I think I’m most thankful to Juliana and my supportive husband Michael for helping me realize all of this over the past few months. They saw I was killing myself behind the scenes and spoke up weekly/daily for me to change things. Chuck Wendig was a huge help behind the scenes too. That man is a guru of how to be a writer. It was also my lovely agent Carrie who helped me see how important focus on writing was to my books and how much being able to focus on my edits would make them so much better. She really is the best.


So my question to you all is how many of you need to focus more on your writing? Struggle with balance? Hoping to make the switch to full-time writing? I’d love to hear your thoughts below!

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3 thoughts on “On Doing too Much, or Lessons in Your Time and Your Writing

  1. Reading another’s journey through something I’m going through myself was really helpful. Thank you for posting. You’re brave and wise to make the choice you did and I’m glad you had such great support for it. I also hope it turns out amazing.

    Recently, I’ve felt that tug-of-war between career paths, but mine was more “Do I write now or illustrate now?” I’d neglected my illustration career for way too long while writing, revising, and querying the first book in my YA series.

    Writing, to me, had always been a close second to drawing. It was something I wanted to do for myself, to publish one day for myself, but never to do commercially, unlike illustration. That I can do anytime, no matter what, and I know I’m good at it.

    November brought the idea and the push I needed. Instead of NaNo, I chose to do a personal drawing challenge, using Twitter as inspiration. Daily, I’d pick a descriptive tweet and illustrate it, putting as much or as little detail into it as I felt like. Then I’d post my sketch to the person who inspired me, bringing a little happiness their way as well as a RT mine. By the end of the month, hopefully I’ll have some portfolio-worthy pieces, as well as a larger Twitter following than I started out with.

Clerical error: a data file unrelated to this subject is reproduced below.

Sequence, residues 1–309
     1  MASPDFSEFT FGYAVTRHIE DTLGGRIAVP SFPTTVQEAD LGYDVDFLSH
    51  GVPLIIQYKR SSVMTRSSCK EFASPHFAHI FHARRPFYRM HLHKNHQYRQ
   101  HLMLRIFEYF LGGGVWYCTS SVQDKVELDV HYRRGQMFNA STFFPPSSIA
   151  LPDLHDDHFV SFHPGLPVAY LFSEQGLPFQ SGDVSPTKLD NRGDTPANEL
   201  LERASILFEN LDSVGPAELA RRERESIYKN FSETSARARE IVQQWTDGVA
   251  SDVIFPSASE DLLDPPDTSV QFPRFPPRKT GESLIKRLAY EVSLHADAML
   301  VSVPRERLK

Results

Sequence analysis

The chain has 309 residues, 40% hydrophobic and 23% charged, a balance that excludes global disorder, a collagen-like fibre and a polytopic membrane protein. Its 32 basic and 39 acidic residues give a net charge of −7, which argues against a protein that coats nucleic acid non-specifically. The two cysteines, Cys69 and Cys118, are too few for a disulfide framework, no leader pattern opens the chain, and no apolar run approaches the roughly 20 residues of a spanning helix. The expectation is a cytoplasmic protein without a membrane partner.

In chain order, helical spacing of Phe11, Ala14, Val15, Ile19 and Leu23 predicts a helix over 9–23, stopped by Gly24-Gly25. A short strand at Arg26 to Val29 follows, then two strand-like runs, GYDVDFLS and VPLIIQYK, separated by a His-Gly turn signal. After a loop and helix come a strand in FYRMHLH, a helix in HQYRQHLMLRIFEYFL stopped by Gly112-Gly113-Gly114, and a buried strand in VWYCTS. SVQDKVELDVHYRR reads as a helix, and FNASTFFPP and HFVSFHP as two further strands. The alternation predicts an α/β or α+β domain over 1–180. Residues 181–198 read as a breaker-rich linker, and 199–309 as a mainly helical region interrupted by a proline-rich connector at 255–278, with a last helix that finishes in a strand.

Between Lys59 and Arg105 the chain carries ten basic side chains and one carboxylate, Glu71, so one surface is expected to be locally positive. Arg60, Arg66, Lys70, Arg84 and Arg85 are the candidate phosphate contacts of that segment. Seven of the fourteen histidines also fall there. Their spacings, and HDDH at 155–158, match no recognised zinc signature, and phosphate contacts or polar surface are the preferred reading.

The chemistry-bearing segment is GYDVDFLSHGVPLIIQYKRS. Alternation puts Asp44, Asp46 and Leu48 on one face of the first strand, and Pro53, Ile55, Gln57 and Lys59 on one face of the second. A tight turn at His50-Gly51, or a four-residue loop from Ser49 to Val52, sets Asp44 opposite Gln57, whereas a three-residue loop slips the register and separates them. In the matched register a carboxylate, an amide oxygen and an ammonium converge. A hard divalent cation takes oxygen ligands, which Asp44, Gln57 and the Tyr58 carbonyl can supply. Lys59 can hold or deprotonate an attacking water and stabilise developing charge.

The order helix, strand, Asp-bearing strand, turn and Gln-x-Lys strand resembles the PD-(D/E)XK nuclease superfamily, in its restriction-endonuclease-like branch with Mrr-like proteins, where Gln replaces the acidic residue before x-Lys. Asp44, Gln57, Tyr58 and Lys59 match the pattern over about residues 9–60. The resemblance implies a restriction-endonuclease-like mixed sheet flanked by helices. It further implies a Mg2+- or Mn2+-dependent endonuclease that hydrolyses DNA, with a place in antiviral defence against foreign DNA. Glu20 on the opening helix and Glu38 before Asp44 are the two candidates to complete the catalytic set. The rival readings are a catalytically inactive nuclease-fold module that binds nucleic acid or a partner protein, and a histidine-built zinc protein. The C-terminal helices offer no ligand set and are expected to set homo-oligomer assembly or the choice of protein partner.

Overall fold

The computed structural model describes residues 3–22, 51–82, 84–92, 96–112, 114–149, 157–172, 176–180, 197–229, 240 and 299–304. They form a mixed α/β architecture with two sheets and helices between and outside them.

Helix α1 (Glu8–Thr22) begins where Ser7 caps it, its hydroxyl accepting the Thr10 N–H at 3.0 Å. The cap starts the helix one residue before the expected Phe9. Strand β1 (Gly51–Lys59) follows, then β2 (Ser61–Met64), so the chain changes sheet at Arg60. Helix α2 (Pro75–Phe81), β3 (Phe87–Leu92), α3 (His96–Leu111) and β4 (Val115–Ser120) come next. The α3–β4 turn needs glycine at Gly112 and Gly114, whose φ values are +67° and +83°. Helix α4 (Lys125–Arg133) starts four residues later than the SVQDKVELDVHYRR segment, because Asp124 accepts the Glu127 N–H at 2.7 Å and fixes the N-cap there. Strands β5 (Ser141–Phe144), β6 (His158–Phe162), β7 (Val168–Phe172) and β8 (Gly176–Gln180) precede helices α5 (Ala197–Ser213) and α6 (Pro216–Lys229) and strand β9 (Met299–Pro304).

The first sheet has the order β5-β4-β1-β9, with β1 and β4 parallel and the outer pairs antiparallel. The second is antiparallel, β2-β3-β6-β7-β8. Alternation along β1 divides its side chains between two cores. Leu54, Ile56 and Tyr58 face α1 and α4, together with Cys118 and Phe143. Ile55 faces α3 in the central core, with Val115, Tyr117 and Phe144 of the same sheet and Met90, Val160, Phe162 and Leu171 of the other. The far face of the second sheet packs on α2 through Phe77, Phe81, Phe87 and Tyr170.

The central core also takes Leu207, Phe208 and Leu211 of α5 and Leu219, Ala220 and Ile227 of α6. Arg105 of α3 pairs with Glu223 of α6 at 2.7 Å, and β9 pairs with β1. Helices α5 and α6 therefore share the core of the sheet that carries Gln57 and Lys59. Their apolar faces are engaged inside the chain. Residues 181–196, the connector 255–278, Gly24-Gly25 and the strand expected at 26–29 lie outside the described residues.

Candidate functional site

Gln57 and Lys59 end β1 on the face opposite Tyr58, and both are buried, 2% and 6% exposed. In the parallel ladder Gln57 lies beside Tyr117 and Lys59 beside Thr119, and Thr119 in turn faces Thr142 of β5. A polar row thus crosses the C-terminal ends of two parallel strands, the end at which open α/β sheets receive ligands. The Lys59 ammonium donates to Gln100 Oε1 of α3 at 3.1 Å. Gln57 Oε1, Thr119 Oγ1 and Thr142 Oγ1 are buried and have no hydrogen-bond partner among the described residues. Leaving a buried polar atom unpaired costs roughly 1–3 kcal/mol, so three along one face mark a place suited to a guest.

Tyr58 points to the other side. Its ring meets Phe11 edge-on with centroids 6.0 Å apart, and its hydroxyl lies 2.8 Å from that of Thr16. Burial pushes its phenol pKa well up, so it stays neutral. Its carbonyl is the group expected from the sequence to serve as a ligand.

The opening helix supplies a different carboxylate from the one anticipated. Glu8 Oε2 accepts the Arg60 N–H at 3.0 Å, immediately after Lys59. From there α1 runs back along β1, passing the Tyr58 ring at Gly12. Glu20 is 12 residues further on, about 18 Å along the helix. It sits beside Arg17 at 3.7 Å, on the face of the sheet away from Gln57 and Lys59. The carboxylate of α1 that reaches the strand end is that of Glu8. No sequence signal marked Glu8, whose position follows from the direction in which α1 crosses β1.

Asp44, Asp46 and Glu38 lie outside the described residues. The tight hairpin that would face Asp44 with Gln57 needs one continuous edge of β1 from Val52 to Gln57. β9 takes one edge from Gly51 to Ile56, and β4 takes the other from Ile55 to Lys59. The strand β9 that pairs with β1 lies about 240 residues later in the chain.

I haven’t yet given up my day job (part-time as it is) since I love it, but making this choice for now feels like the right one. After I give my illustration work the attention and time it deserves, I plan to go back to working on and finishing my YA novel series (which I’m also illustrating). Now, the next step is finding an agent who reps both!

  2. Personally, I have always approached my writing as a career, a full time gig. It didn’t matter how much time I actually had. I understood that if I wanted to get where I wanted to be, I had to put in the work. I’m single though and can afford to do that. Once I made that commitment to writing, everything else fell into place. After three years of dissecting, learning, failing, and evolving, I’m finally confident with my writing skills. I know I can create quality fiction without seeking reassurance from anyone else. It was a ton of work, mostly on my own. But it was well worth it.

    Best of luck moving forward, Cat. It seems like you’ve got a great support structure in place. I’m sure you’ll do just fine. And always have fun. Your work will reflect it if you aren’t.

    • Thanks for your thoughts Brian!

      I think the keyword there is that you’re single. It is an entirely different game to do three jobs – writer, illustrator, and designer – with a toddler. They don’t understand writing time. They don’t understand you have to work right now. They want a schedule of coming home and seeing you and eating dinner then shower and story and bed, if you’re lucky. It’s never predictable. Oftentimes, I found myself working until 2 in the morning just to find any writing time to myself and I would only get an hour or two at that. I would get 4, maybe 5 hours of sleep, and do it all again. And, more than that, I eventually felt like my son never saw me, because in order to treat my writing like a full time job while I had a full time job, I had to every night and every weekend tell him that I was working. I missed a lot of things with him trying to eventually find a way to transition from having my night job become my day job. It took us a year of my never seeing my son to do it. My husband did dinner and bath time and story time while I worked and missed everything. So it’s not about treating it like a full-time job or not, I’m sorry to say and I’m not trying to be rude. It was just very different when I was single and could do these things and didn’t have a son I missed terribly while I went from working all day to working all night. Because of THAT, not living only working, my writing suffered. I hope with this explanation that is more clear and I hope it didn’t come off as rude.